Breaking Through – Running with Wolves

Don’t worry, there will be no Kevin Costner butt shot anywhere in this article, although, if that really is desired, I know a guy who knows a guy… Instead, we will be looking at a side by side of one of the most popular archetypes in Standard. Both Wolf Run Green and Wolf Run Ramp have risen up to become two of the most played and best performing decks, yet having both around seems kind of strange.

Think back about 6 months to a time when CawBlade, with its [card jace, the mind sculptor]Jaces[/card] and [card stoneforge mystic]Mystics[/card] even, began to break up into multiple archetypes. First, the deck turned to splashing Red for [card]Cunning Sparkmage[/card] and [card]Lightning Bolt[/card], but once adaptations were made, that deck fell out of favor. Then a Black version rose to popularity, with its hand disruption and better removal, although that too eventually fell by the wayside. Other variants, like Nightshift, or re-popularizing of the Red and Black versions came and went, but throughout it all, and ultimately in the end, CawBlade, just UW CawBlade, proved to be the best version of the best deck and very few CawBladers played anything but.

Shifting to the present, we have a similar dilemma between the two Wolf Run decks. Both decks have something that makes them unique and allows them to attack the metagame from a slightly different angle, but ultimately, they have so many similarities that it would be strange to still have both in existence 2 months from now once people get more time to mess with the archetypes more. So which of the two is better?

I think trying to answer that question, in the open environment that it is set in, will only get you into trouble. You will simply be relying on preference and not any data to back it up. We cannot simply answer which of the two decks is better, but we can begin to dissect the decks a little bit and hopefully arrive a little closer to that answer. So today, we will be doing just that. Here are two sample lists of the decks, taken from GP Brisbane and a recent cash tournament respectively.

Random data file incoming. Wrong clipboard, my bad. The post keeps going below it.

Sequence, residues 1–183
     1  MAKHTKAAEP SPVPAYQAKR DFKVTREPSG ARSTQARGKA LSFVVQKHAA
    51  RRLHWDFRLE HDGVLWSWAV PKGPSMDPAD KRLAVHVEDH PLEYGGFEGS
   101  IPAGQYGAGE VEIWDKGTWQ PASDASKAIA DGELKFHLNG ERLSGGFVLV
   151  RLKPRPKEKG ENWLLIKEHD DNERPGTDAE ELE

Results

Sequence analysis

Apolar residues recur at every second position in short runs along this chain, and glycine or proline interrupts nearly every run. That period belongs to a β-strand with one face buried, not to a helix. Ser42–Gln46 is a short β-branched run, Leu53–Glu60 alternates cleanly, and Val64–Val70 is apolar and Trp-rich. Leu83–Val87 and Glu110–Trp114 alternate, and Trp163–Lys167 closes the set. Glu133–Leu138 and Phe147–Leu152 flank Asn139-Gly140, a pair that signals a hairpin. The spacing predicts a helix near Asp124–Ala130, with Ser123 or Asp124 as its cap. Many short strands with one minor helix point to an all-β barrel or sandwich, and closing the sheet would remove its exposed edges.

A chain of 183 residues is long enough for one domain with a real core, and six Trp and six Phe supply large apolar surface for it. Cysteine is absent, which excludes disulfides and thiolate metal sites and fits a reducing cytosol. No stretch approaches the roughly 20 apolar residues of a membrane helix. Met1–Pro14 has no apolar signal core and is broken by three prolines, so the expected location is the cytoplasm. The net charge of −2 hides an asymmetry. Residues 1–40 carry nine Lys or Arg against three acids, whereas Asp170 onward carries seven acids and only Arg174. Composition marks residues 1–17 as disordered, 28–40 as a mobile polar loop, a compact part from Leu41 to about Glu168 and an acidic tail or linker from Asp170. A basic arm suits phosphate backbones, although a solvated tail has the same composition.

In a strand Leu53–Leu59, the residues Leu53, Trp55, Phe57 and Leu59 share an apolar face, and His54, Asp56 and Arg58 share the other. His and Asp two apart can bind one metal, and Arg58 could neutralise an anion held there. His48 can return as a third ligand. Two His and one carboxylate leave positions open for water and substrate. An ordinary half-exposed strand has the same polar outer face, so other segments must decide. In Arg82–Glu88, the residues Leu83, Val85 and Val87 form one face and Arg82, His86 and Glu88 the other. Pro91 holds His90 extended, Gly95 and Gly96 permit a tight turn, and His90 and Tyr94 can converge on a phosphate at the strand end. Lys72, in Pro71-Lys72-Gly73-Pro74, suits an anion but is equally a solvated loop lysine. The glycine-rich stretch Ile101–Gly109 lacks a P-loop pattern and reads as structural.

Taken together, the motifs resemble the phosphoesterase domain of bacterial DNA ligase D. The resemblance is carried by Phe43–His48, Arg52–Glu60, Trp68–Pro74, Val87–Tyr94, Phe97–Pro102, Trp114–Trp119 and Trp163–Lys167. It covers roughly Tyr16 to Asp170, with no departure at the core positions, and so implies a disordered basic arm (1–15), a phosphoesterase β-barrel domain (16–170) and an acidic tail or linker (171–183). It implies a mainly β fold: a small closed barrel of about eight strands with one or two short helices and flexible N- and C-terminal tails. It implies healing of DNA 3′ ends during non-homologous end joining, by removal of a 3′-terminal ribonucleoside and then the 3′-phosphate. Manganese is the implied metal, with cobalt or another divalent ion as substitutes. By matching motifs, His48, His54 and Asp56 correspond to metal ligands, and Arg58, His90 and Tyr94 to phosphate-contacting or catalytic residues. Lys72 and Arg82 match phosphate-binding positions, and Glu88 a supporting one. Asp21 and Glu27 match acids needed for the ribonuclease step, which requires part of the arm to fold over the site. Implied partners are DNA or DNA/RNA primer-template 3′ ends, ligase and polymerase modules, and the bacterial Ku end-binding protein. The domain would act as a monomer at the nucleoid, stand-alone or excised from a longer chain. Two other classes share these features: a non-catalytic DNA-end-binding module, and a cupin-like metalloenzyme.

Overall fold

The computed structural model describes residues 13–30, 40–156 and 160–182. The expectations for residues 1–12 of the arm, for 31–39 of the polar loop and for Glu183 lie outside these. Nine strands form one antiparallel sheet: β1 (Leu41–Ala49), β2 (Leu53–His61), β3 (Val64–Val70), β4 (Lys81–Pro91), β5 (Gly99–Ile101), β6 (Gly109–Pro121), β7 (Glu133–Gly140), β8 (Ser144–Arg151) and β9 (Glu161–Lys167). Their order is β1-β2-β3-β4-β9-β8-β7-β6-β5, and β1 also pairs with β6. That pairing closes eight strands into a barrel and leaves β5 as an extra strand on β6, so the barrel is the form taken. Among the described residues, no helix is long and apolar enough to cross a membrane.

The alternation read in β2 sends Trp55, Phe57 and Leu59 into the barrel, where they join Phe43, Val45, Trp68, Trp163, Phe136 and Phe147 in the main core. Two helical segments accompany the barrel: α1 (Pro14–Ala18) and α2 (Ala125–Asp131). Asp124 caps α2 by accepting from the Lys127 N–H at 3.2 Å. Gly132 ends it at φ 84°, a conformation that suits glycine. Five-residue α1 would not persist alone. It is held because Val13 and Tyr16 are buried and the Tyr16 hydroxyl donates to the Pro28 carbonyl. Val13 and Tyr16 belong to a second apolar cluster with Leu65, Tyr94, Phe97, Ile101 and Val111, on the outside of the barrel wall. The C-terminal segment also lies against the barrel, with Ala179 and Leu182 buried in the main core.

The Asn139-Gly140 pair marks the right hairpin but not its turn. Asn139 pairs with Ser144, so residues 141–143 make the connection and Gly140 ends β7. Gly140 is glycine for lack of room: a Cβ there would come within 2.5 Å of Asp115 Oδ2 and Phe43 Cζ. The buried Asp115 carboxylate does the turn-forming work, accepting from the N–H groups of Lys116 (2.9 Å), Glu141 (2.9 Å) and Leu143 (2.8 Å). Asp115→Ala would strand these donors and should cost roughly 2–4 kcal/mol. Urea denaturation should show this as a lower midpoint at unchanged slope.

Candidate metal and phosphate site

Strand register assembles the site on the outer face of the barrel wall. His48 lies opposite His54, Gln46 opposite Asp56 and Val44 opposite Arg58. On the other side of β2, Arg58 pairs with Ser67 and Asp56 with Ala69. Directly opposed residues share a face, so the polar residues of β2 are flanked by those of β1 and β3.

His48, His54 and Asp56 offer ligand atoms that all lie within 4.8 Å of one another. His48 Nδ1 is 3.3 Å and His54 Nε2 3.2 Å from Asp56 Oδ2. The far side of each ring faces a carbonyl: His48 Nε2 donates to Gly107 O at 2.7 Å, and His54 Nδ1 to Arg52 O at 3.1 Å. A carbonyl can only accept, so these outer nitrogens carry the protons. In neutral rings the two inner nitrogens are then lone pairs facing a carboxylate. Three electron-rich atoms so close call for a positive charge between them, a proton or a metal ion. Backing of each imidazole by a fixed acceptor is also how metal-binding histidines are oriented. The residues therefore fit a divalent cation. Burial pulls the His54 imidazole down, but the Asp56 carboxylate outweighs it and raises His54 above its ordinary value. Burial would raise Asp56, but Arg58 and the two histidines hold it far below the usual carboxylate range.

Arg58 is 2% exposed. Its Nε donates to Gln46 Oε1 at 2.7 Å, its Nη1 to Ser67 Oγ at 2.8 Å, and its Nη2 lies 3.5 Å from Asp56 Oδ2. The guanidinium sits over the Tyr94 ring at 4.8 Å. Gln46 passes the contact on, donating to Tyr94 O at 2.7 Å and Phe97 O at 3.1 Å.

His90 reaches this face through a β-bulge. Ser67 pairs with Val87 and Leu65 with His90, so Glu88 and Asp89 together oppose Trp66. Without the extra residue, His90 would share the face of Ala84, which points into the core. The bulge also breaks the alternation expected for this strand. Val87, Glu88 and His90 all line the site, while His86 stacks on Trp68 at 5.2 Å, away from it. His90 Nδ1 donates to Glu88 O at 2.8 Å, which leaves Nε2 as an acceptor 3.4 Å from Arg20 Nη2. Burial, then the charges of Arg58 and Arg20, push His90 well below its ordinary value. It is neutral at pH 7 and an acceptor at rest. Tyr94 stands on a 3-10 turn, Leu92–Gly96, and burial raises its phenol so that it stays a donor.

Up first, Wolf Run Ramp, as it was the first of its kind and gets the nod due to seniority:

[deck]4 Primeval Titan
4 Viridian Emissary
2 Wurmcoil Engine
2 Solemn Simulacrum
1 Acidic Slime
1 Birds of Paradise
1 Thrun the Last Troll
3 Garruk, Primal Hunter
1 Garruk Relentless
4 Rampant Growth
4 Green Sun’s Zenith
3 Slagstorm
4 Beast Within
4 Copperline Gorge
4 Rootbound Crag
1 Ghost Quarter
4 Inkmoth Nexus
2 Kessig Wolf Run
8 Forest
3 Mountain
2 Ancient Grudge
2 Galvanic Blast
1 Garruk Relentless
1 Ghost Quarter
1 Naturalize
1 Slagstorm
2 Surgical Extraction
2 Thrun, the Last Troll
1 Tree of Redemption
1 Viridian Corrupter
1 Wurmcoil Engine[/deck]

And our comparison specimen comes in the form of Wolf Run Green, which has probably surpassed the original in popularity this past week or two.

[deck]4 Birds of Paradise
2 Llanowar Elves
4 Primeval Titan
1 Wurmcoil Engine
4 Dungrove Elder
3 Solemn Simulacrum
1 Acidic Slime
4 Garruk, Primal Hunter
4 Rampant Growth
3 Green Sun’s Zenith
3 Beast Within
2 Inkmoth Nexus
2 Kessig Wolf Run
2 Mountain
19 Forest
3 Thrun, the Last Troll
2 Sword of Feast and Famine
3 Gut Shot
2 Ancient Grudge
1 Acidic Slime
1 Tree of Redemption
1 Viridian Corrupter
1 Beast Within
1 Karn Liberated[/deck]

By any other name…

Now, before we begin to dissect what makes these two lists different, as that is the focus of figuring out which one is potentially better positioned and therefore arguably the better deck, we should first take a look at what makes these two lists similar. After all, if we were to find out that the two lists were not very similar, then they could, and should, coexist as two different strategies. So we need to look at the cards that are shared between the two archetypes, but more importantly we need to pinpoint the strategies of the two and look to see where those overlap. Simply stating that both decks have 4 [card]Primeval Titan[/card] doesn’t do much for us other than tell us that both strategies are ramp, which we can analyze quite easily without that laid out in some type of diagram.

So, both decks are indeed looking to generate a ton of mana and pound that down your throat. While both decks have a full compliment of [card]Rampant Growth[/card], looking to generate mana ramp in the traditional sense, and then some number of [card]Solemn Simulacrum[/card] next to that, the strategies diverge from there, which we will discuss later.

Both lists also take advantage of the Swiss Army knife that is [card]Beast Within[/card]. Neither list really minds an opposing 3/3 all that much, so the ability to take out [card]Oblivion Ring[/card]s, [card]Inkmoth Nexus[/card], and Titans alike is certainly a very appealing aspect of the card.